Remember the dreaded Polar Vortex from last year? It’s back with a vengeance! Temperatures across the Midwestern U.S. are expected to plummet into the single digits and below in many areas over the next few days, Mashable is reporting.
Just about every part of the country east of the Rockies is going to feel the wrath of Polar Vortex 2.0, according to International Business Times. National Weather Service spokesperson Paul Kocin says that even the South will be feeling it.
“This is going to be a big cold outbreak, pretty windy as well. It’s going to drive all the way down South.”
Parts of the country are already feeling the effects of the most recent Polar Vortex. At Chicago’s O’Hare airport, about 230 flights were cancelled on Sunday due to the extreme cold. And the worst is yet to come; it may get down to -50 in Chicago by Thursday. In weather like that, frostbite is a real concern, especially for kids walking to school or waiting for the school bus, says Weather Channel spokesperson Kevin Roth.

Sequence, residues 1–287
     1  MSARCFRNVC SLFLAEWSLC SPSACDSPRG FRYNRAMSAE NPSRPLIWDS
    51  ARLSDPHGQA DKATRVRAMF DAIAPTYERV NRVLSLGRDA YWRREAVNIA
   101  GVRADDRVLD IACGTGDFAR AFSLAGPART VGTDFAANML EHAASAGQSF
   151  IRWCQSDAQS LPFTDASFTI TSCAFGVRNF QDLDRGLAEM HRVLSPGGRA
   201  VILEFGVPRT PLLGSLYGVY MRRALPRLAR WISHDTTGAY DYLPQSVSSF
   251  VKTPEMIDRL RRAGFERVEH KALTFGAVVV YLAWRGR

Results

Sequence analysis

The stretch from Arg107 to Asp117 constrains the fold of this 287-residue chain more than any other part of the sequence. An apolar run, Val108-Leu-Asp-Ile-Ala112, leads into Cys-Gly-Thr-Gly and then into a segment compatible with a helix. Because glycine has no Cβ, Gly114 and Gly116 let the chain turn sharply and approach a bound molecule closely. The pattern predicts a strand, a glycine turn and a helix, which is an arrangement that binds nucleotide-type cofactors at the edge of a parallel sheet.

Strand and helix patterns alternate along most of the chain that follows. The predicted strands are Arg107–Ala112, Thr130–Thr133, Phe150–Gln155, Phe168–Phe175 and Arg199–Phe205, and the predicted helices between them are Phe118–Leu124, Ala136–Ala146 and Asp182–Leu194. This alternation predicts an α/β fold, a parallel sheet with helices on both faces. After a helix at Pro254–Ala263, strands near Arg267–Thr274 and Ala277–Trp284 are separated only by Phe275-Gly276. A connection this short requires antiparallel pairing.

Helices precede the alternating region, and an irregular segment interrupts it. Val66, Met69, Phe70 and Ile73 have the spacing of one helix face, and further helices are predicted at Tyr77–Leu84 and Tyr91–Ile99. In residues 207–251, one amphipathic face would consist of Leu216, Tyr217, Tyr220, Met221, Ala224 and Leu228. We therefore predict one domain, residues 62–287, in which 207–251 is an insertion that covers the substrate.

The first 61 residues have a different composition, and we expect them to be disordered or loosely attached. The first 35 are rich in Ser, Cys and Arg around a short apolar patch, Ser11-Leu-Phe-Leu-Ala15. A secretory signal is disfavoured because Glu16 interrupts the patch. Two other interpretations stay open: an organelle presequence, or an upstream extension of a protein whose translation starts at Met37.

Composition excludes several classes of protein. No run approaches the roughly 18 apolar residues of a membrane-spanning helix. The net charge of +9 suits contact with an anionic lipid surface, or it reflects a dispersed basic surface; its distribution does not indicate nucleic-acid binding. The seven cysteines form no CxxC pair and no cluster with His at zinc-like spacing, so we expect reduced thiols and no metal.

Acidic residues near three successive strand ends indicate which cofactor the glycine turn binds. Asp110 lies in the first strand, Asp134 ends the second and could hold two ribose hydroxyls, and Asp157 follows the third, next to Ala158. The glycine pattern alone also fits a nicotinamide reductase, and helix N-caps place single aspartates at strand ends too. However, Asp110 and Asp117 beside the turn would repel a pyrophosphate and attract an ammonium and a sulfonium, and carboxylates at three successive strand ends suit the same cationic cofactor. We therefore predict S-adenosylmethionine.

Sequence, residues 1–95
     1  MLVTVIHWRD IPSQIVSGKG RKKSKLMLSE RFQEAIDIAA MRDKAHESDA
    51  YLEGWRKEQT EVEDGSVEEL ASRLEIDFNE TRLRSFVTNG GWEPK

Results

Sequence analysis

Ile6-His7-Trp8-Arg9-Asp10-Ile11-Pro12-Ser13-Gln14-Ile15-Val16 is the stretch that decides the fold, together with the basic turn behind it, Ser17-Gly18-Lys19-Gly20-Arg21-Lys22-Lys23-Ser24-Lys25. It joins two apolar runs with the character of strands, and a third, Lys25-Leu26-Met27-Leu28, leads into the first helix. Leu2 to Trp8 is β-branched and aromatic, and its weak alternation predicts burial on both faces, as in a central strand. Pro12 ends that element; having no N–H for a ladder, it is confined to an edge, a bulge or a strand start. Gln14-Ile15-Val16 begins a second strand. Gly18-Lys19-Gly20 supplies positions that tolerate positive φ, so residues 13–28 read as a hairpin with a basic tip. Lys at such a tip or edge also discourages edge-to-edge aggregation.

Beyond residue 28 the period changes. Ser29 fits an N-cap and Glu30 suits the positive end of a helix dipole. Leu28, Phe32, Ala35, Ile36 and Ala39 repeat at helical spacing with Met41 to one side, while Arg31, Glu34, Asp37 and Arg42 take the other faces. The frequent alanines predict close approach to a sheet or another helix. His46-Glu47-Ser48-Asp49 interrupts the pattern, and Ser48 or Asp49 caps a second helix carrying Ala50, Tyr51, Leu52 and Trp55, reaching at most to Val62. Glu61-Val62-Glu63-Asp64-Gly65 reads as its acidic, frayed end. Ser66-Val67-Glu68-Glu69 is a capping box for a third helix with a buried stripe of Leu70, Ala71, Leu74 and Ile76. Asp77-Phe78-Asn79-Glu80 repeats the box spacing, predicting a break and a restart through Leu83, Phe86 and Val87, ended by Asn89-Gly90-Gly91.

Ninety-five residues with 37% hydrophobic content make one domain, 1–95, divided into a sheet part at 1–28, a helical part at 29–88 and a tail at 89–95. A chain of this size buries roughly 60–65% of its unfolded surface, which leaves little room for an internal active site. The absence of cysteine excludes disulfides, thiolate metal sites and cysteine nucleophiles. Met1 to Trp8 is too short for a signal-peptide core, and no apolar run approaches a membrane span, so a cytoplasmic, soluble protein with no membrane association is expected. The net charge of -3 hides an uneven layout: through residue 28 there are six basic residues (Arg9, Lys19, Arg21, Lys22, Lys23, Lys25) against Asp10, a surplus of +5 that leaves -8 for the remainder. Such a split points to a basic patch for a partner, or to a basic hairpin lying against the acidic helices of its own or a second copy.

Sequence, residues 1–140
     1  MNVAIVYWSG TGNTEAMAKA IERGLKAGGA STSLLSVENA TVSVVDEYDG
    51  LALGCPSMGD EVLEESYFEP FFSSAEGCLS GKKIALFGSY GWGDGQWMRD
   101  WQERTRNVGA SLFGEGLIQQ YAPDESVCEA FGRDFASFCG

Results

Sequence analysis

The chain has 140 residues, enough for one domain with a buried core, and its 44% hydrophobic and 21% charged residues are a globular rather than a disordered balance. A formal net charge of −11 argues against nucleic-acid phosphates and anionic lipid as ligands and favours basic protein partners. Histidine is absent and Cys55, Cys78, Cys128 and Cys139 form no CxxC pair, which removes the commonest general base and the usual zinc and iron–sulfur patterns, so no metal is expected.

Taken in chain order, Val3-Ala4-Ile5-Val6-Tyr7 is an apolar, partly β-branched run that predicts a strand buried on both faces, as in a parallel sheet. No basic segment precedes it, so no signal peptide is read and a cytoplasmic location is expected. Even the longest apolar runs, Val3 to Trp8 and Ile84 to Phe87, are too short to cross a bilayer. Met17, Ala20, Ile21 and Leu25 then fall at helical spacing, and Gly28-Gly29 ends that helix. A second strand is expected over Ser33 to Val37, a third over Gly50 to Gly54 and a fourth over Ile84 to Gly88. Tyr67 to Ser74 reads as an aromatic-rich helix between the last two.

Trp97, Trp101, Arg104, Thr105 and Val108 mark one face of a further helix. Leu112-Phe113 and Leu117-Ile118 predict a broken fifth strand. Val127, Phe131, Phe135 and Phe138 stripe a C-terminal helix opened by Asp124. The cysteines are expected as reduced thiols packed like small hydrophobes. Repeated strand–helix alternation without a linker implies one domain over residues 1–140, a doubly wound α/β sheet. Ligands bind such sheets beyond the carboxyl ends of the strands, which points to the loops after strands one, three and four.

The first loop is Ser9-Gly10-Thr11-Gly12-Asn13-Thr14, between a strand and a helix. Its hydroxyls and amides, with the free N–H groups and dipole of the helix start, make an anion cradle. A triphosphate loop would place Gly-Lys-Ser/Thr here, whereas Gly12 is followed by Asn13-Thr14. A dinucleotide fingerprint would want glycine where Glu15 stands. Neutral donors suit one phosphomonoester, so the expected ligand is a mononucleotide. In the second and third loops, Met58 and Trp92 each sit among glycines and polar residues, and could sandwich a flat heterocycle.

“People need to be careful because of the frostbite threat. It’s going to be bitter. Kids heading out to the school bus need to make sure they are wrapped up warm and have their skin covered up. It will be the coldest weather most people have experienced this winter.”
Although the Upper Midwest (the region around Chicago and Minneapolis) is expected to get the worst of it, the Polar Vortex will spare no one. Temperatures in some areas will plunge to 25 to 35 degrees below average for this time of year. The map below shows how far temperatures are expected to be below their average for this time of year.
A year ago this week, the term “Polar Vortex” entered the American vocabulary (much to the disappointment of some who would be glad to see it go) when a similar weather system plunged the mercury across the U.S. Since then, the term “Polar Vortex” became, rightly or wrongly, a shortcut for “cold weather.”
However, speaking from a strictly scientific standpoint, what’s going on this week is actually a real Polar Vortex – or at least, it’s a “wobble” in the existing Polar Vortex, according to Mashable.
Fortunately, this version of the Polar Vortex is expected to be relatively short compared to last year’s blast of Arctic misery, and temperatures should be back to normal by Saturday.
[Images courtesy of: Getty – AP – Mashable]